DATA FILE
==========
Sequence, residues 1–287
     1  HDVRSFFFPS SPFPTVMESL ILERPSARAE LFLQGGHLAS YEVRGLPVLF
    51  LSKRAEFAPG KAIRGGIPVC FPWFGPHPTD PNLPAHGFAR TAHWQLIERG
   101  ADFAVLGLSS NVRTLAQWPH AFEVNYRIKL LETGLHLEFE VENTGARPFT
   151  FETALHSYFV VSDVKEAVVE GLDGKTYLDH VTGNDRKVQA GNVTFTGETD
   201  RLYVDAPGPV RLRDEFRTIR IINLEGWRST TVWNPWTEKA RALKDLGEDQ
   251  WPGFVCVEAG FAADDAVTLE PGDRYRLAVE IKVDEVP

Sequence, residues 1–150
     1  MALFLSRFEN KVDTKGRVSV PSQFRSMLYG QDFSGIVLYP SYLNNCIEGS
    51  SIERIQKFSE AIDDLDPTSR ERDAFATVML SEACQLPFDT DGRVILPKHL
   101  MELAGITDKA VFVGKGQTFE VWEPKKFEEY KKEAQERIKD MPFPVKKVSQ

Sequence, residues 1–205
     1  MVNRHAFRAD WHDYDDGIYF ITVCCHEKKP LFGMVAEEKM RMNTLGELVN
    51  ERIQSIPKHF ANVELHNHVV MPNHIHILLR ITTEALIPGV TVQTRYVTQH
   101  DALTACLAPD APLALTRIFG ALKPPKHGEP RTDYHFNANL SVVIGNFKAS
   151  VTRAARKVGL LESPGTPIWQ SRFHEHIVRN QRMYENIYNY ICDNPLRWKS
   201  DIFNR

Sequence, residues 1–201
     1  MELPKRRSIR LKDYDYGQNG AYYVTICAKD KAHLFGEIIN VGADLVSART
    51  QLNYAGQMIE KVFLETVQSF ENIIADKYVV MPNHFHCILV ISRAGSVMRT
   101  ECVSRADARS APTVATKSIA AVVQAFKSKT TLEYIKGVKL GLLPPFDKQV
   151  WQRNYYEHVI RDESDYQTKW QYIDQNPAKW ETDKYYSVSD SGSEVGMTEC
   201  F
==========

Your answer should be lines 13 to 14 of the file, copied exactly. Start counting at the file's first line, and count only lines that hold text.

     1  MVNRHAFRAD WHDYDDGIYF ITVCCHEKKP LFGMVAEEKM RMNTLGELVN
    51  ERIQSIPKHF ANVELHNHVV MPNHIHILLR ITTEALIPGV TVQTRYVTQH